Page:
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Government - Unit 2, Chapter 4: Federalism

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Zach White

on 11 October 2016

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Transcript of Government - Unit 2, Chapter 4: Federalism

Chapter 4: Federalism
Federalism: The Division of Powers
Federalism was seen by the framers as a way to ensure that the federal government was strong enough to meet the nations need but preserved the strength of the states.
Definition: Federalism is a system of government in which a written constitution divides the powers of government on a territorial basis between a central, or national government and several regional governments, usually called states or provinces.
The Constitution divides power between the national government and the states by assigning certain powers to the national government and certain powers to the states.
The National Government is a government of delegated powers. That is, it has only those powers delegated (granted) to it in the Constitution.
There are three distinct types of delegated powers: expressed, implied, and inherent.
Expressed Powers
These powers are spelled out, expressly, in the Constitution
The Constitution give 27 powers to Congress
They include the power to lay and collect taxes, coin money, regulate foreign and interstate commerce, declare war, etc.
There are several expressed powers given to the President as well.
These include making treaties, grant pardons, act as commander in chief of the armed forces, etc.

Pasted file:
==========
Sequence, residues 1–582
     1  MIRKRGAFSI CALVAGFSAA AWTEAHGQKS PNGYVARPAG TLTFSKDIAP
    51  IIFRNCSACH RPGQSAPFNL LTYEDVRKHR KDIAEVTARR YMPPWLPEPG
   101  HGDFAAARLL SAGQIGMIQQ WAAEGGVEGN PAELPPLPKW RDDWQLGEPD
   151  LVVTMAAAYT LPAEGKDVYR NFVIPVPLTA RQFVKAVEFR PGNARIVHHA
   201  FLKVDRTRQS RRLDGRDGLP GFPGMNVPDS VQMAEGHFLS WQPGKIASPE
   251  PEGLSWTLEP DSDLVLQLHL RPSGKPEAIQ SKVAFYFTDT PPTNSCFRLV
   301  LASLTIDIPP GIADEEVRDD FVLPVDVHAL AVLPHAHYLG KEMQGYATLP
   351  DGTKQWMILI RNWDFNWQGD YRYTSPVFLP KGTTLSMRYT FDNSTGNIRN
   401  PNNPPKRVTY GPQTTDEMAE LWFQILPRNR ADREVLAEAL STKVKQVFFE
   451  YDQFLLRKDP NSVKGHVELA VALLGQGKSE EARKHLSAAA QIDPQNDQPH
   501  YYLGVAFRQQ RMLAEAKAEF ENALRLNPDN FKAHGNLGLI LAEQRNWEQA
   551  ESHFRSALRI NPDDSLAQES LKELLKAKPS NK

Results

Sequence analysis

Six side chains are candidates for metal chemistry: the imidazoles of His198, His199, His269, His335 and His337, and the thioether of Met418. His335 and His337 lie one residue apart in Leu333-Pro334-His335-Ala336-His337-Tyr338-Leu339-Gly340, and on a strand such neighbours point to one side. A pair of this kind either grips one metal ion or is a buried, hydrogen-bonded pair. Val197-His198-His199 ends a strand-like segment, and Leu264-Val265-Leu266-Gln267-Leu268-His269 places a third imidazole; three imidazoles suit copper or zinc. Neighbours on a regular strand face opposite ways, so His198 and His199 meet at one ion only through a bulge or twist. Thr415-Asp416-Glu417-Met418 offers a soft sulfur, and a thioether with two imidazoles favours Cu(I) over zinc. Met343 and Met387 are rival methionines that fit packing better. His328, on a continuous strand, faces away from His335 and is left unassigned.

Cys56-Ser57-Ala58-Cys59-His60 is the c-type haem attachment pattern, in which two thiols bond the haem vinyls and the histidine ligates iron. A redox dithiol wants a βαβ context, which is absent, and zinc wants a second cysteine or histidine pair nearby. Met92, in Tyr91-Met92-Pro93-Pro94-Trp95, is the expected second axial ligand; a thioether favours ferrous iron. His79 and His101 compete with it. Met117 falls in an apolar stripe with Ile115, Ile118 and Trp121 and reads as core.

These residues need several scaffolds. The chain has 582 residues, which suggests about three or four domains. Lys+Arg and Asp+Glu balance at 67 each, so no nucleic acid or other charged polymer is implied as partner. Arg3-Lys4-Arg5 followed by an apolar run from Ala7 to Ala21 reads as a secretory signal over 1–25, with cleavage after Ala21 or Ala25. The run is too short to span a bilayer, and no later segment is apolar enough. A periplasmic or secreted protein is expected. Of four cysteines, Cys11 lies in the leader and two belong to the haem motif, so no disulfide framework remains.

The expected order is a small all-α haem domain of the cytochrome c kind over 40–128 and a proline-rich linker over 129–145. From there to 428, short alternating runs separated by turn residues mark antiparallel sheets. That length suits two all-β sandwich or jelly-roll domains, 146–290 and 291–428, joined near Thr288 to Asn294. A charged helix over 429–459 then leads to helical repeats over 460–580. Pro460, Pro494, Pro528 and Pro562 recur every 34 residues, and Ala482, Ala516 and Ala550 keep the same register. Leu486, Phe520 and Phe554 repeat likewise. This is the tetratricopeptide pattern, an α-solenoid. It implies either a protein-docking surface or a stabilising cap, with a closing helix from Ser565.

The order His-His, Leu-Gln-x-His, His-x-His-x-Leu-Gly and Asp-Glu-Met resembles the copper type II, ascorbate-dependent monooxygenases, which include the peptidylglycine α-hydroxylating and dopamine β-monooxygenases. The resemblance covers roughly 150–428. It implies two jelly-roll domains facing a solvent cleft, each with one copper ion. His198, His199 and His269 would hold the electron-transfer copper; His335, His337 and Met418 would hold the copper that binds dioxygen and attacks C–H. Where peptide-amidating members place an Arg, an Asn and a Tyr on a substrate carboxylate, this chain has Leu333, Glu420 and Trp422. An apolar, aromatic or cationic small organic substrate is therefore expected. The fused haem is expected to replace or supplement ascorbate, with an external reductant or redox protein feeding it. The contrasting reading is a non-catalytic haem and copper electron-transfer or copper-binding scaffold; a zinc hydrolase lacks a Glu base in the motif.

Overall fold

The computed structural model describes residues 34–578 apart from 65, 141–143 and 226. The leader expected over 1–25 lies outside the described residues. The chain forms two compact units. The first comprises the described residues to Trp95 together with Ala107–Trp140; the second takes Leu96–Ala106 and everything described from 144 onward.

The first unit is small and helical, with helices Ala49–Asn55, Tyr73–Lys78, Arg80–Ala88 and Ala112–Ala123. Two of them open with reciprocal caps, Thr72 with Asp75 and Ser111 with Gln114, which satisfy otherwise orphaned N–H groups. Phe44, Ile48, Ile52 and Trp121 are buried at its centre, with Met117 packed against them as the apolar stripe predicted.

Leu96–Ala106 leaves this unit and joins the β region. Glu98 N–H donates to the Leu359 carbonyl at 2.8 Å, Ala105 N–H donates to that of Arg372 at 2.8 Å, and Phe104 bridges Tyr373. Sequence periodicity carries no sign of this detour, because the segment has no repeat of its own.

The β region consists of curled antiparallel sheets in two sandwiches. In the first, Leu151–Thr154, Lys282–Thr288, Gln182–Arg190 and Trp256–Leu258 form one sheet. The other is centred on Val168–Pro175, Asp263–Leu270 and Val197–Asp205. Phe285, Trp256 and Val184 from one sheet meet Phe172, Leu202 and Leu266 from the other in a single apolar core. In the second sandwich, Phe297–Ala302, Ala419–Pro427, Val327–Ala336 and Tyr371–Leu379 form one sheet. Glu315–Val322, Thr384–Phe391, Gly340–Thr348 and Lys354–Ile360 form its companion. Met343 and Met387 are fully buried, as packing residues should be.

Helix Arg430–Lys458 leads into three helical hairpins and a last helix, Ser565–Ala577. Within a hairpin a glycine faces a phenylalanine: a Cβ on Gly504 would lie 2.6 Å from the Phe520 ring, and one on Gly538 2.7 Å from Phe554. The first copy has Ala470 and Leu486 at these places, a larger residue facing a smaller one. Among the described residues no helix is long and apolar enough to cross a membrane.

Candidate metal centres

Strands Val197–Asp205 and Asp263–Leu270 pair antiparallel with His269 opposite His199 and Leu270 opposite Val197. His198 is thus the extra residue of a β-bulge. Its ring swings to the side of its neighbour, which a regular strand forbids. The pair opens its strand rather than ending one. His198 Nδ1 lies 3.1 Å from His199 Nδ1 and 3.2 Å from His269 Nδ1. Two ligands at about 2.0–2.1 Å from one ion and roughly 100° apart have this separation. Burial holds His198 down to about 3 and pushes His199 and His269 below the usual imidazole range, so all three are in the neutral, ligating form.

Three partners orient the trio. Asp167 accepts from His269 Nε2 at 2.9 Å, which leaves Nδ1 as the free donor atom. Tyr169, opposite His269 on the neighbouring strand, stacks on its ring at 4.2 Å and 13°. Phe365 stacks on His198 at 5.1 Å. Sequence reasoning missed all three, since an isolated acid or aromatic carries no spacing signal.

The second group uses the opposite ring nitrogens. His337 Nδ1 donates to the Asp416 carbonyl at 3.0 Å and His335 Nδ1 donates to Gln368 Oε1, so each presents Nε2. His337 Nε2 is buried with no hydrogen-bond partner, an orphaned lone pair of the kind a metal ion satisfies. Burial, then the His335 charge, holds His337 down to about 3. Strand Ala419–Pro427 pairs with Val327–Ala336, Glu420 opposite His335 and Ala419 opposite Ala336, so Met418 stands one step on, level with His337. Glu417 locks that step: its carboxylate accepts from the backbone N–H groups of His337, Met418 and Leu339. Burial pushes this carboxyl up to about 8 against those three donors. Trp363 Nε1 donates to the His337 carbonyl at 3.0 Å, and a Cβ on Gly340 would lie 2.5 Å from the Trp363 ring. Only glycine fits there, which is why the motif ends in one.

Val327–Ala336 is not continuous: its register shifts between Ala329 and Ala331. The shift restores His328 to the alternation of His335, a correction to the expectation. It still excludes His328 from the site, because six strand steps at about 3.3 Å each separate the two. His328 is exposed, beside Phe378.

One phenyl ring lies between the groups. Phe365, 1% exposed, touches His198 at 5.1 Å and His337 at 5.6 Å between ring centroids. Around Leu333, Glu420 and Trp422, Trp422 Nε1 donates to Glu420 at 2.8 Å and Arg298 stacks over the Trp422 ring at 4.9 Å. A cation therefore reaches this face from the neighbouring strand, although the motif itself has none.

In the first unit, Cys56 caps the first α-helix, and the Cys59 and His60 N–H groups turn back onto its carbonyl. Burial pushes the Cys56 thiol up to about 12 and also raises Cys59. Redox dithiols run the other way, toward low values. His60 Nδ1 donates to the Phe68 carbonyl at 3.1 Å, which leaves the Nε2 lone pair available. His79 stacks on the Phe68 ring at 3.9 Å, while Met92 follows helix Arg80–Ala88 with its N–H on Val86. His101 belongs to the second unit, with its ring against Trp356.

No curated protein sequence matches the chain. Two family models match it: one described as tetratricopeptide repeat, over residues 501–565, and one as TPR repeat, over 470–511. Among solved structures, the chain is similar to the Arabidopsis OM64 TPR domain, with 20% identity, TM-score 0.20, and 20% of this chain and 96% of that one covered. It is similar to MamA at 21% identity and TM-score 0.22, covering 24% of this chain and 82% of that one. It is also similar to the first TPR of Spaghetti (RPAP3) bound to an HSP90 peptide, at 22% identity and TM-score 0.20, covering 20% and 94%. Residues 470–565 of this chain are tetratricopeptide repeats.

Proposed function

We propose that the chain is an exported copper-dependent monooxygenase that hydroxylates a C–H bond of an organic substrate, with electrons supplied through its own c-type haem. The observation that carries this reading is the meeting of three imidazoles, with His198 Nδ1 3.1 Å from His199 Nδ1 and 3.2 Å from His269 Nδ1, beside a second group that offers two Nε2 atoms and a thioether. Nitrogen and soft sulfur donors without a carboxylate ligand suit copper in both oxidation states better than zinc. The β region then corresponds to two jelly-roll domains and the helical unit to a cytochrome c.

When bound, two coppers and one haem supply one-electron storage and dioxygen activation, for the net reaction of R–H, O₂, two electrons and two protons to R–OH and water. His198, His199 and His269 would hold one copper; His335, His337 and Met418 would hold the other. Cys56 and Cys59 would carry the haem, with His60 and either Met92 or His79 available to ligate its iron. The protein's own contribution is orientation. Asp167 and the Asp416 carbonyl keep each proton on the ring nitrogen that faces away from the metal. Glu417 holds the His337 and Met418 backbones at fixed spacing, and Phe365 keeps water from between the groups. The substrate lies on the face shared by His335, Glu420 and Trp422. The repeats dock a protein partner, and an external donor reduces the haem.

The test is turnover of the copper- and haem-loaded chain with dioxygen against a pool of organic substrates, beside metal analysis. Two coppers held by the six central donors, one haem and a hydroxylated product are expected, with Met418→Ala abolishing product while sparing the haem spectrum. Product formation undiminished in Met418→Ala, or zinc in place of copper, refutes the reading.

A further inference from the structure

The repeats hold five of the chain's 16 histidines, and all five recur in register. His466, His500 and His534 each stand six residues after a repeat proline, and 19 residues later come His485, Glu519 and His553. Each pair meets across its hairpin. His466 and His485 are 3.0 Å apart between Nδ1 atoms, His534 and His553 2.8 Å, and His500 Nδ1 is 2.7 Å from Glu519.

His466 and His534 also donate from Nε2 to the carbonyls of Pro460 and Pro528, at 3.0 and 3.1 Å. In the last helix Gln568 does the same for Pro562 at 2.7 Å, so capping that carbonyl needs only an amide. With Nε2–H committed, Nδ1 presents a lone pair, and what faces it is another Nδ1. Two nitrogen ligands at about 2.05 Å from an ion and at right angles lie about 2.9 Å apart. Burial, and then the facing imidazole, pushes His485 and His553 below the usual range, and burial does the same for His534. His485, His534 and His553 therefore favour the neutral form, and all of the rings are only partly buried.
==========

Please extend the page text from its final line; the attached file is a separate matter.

Implied Powers
The implied powers are not expressly stated in the Constitution but are reasonably suggested, or implied.
A clause in the Constitution gives Congress the power to "make all laws which shall be necessary and proper..."
Congress has used this power to build the interstate highway system, prohibit racial discrimination, and much more.
Inherent Powers
These powers belong to the National Government because it is the national government of a sovereign state in the world community.
Even though the Constitution does not expressly provide them, they are powers that, over time, all national governments have possessed.
Examples: regulate immigration, acquire territory, protect the nation against rebellion, etc.
The States
There are also powers that are denied to the national government. The Constitution expressly denies some powers...some powers are denied to the national government because of the silence of the Constitution...
The Constitution reserves powers to the states...the reserved powers are those powers the Constitution does not grant to the National Government and does not deny to the states.
Through these powers state governments can establish schools, enact land use laws, regulate gas, oil, electric power, telephone companies, drug trafficking, require doctors, lawyers, hairdressers, and plumbers to be licensed, etc. etc. etc.
The sphere of powers held by each State is huge! In fact, most of what government does in this country today is done by the States and their local governments, NOT the National Government.
There are some powers that are denied to the States though.
The Constitution forbids States from coining their own money, entering into treaties, alliances, or confederations and it cannot deprive any person of life, liberty, or property without due process of law.